*t*,

where *μ*_{0} and *b* are the initial mutation number and mutation parameter of a particular patient, \(\overline {\mu }_{0}\) and \(\overline {b}\) are the average parameters based on the corresponding values of all patients, and *a* and *K* are parameters to match the data in [18]. Thus it is clear the proposed method can make more accurate prediction if the number of patients is larger.

*a*and

*K*, we remove the initial mutation rate and parameter

*b*, the average value of the doubling time is given by

*a*=40.74 and

*K*=62.04. Figure 3a gives the Amikura-Yachida curve and our approximated curve (14). When

*t*<53 days, the difference between these two curves is small. However, when

*t*>53 days, this approximated curve provides a more reasonable prediction regarding the doubling time. Using the estimated values of

*a*and

*K*together with the gene mutation rate of each patient, Fig. 3b gives the estimated doubling time of the seven patients.

### Tomour growth curves in metastasis

Estimated tumour size for seven patients. Tumour-size (L) (M) (H) is based on the lower bound, average time and higher bound of the clone time

Patients | Pa01c | Pa02c | Pa03c | Pa04c | Pa05x | Pa07c | Pa08c |
---|---|---|---|---|---|---|---|

Clone time(y) | 4.05-5.94 | 3.3-4.84 | 3.9-5.72 | 3.45-5.06 | 3.3-4.8 | 3.7-5.4 | 3.1-4.6 |

Tumor-size(L) | 4.55 | 4.12 | 9.08 | 3.52 | 4.63 | 5.95 | 4.20 |

Tumor-size(M) | 4.73 | 4.46 | 10.15 | 3.80 | 5.15 | 6.25 | 4.58 |

Tumor-size(H) | 4.82 | 4.71 | 11.09 | 4.01 | 5.59 | 6.42 | 4.86 |

Time for 2cm | 0.22 | 0.28 | 0.17 | 0.325 | 0.275 | 0.19 | 0.29 |

Numerical results in Table 2 show that the lowest value of tumour size for these seven patients all are greater than 2cm. Our calculation presents a theoretic support to the empirical tumour size (<2 cm) hypothesis in [5]. In addition, Japan Pancreatic Cancer Registry [4] reported 11,317 patients with carcinoma of the pancreas during the past decade and 3743 patients underwent pancreatectomy. The 5-yr survival rate of all patients undergoing pancreatectomy, including those with malignant islet cell tumour and cystadenocarcinoma, was 16.6%. The 5-yr survival rate of patients with carcinoma of the pancreas of 2 cm or less, excluding malignant islet cell tumour and cystadenocarcinoma, was 36.2% after pancreatectomy. This registry shows that survival rate is on the increase in patients with carcinoma of the pancreas after pancreatectomy, especially in resettable cases with tumour of 2 cm or less. Further improvement in survival rate is expected in carcinoma of pancreas. Our quantitative analysis provides a theoretic support to the above conclusion.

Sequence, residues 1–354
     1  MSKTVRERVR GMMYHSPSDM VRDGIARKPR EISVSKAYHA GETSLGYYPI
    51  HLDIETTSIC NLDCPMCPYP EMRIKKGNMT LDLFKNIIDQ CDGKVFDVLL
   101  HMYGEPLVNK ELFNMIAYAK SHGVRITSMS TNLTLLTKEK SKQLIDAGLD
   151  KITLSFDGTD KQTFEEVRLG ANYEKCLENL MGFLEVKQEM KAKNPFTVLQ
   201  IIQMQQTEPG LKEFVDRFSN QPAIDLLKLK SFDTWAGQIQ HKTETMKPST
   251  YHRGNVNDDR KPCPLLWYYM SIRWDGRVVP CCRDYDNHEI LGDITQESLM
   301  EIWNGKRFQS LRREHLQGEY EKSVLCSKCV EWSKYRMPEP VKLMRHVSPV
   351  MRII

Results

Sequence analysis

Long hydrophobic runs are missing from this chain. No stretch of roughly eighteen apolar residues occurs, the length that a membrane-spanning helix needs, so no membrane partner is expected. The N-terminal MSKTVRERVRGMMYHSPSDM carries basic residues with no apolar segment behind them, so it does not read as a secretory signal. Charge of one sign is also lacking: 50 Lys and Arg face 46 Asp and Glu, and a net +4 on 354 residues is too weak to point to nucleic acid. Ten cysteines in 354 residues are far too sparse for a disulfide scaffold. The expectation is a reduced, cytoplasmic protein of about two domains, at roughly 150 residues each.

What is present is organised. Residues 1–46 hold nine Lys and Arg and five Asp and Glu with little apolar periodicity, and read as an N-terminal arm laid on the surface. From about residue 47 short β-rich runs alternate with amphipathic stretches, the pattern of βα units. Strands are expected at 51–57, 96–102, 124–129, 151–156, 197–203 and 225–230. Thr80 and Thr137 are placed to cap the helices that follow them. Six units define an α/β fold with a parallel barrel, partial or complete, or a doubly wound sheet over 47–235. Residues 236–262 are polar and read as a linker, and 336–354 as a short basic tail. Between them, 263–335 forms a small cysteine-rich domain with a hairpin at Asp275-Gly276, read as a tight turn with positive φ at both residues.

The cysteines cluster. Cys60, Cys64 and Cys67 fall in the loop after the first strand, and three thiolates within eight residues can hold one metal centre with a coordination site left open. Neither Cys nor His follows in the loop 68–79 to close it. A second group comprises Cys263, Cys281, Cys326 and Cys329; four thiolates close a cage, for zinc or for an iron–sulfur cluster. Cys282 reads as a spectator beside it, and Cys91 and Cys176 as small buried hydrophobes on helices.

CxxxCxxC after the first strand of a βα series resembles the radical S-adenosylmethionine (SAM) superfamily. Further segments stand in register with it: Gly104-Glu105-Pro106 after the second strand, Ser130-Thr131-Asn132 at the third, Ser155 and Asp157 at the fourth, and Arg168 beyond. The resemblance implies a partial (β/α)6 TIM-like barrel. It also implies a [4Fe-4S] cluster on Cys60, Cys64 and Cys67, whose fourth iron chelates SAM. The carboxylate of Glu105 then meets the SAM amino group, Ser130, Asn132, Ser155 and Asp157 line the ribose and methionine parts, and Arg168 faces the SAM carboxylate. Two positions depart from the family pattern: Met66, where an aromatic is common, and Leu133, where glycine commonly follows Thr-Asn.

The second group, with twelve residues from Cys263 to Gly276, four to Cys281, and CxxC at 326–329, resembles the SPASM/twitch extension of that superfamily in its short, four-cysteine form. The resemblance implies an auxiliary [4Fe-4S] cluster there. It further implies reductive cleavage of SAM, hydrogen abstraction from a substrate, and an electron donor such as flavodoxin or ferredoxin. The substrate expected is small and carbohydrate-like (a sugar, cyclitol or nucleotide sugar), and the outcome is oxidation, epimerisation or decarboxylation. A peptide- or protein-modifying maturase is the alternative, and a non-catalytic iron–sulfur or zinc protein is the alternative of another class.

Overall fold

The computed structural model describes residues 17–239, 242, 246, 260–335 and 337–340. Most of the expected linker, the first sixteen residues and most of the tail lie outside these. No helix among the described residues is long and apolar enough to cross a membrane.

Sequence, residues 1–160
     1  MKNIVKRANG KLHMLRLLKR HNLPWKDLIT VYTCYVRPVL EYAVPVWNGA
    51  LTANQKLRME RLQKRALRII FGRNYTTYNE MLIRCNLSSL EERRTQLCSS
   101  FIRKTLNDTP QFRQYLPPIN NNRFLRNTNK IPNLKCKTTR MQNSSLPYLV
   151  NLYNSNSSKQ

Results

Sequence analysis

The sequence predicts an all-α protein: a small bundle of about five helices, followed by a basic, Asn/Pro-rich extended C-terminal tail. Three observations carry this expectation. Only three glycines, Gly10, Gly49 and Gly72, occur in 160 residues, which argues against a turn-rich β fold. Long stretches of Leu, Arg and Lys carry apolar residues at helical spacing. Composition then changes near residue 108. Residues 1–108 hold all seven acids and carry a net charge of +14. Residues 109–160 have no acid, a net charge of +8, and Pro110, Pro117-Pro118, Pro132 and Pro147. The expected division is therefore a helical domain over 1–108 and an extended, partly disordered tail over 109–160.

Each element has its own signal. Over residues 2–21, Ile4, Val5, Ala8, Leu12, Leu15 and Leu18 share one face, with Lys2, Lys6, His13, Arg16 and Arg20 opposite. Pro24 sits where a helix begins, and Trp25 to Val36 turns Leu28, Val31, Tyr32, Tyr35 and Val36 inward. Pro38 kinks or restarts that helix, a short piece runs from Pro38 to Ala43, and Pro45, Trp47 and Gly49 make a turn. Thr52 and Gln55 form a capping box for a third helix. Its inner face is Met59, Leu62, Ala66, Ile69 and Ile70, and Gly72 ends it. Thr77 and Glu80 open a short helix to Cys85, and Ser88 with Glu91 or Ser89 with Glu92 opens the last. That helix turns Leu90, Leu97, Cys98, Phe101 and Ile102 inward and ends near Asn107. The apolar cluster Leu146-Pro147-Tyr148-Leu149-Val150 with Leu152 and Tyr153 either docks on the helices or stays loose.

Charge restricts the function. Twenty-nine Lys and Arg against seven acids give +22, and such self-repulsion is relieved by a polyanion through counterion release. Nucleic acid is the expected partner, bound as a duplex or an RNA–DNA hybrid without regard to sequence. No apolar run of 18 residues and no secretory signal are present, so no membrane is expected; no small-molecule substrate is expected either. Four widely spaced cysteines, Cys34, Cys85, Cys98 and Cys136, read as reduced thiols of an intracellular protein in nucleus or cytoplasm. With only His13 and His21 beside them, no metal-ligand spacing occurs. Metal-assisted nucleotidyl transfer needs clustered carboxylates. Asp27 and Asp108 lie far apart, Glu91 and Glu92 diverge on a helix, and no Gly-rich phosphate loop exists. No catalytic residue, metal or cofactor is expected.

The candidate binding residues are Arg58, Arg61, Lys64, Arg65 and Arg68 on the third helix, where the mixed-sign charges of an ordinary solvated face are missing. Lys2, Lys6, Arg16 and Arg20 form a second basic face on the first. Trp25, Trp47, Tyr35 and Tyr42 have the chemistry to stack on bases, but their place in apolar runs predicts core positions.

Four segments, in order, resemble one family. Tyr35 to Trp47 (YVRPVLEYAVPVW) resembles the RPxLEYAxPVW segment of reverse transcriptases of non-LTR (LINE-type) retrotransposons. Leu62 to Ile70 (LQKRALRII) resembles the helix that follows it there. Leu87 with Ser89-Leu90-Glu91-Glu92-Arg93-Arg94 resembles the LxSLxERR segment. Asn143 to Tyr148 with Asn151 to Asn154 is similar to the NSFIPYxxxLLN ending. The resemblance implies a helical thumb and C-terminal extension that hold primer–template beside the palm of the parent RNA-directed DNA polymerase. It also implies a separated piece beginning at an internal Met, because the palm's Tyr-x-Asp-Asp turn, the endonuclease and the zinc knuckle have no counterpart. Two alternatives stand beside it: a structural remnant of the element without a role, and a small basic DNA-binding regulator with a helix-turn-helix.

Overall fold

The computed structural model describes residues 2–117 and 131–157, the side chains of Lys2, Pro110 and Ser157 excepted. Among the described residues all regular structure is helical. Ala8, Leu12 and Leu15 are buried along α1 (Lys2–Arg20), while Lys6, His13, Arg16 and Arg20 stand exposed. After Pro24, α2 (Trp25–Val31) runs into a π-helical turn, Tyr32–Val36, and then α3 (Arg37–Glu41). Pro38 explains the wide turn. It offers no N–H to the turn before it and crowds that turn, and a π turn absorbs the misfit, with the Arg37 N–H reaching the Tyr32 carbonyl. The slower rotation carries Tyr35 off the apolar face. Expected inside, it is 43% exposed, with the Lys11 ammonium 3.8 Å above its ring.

## Discussion and conclusion

In this work, we have proposed new concepts for the initial mutation rate and instantaneous tumour doubling time based on our recently designed mathematical model using non-constant mutation rates. These concepts are aimed at replacing the widely used definitions of the average mutation rate and average doubling time. The proposed initial mutation rate is independent of the mutation number which determines the average mutation rate. Our regression results have suggested that, compared with the average mutation rate, the estimated initial mutation rate has a larger value of correlation coefficient with the patient survival time. In addition, our instantaneous tumour doubling time is a continuous function of time and considers the effect of initial mutation rate and non-constant mutation rate. Thus, compared with the existing model in which the doubling time is a piece-wise linear function, our continuous model may be able to provide more reasonable estimate of tumour growth process. Since a quantitative understanding of cancer progression is important for clinical treatment, our proposed model and calculated results may provide insights into the dynamics of cancer metastasis and hence have clinic implications.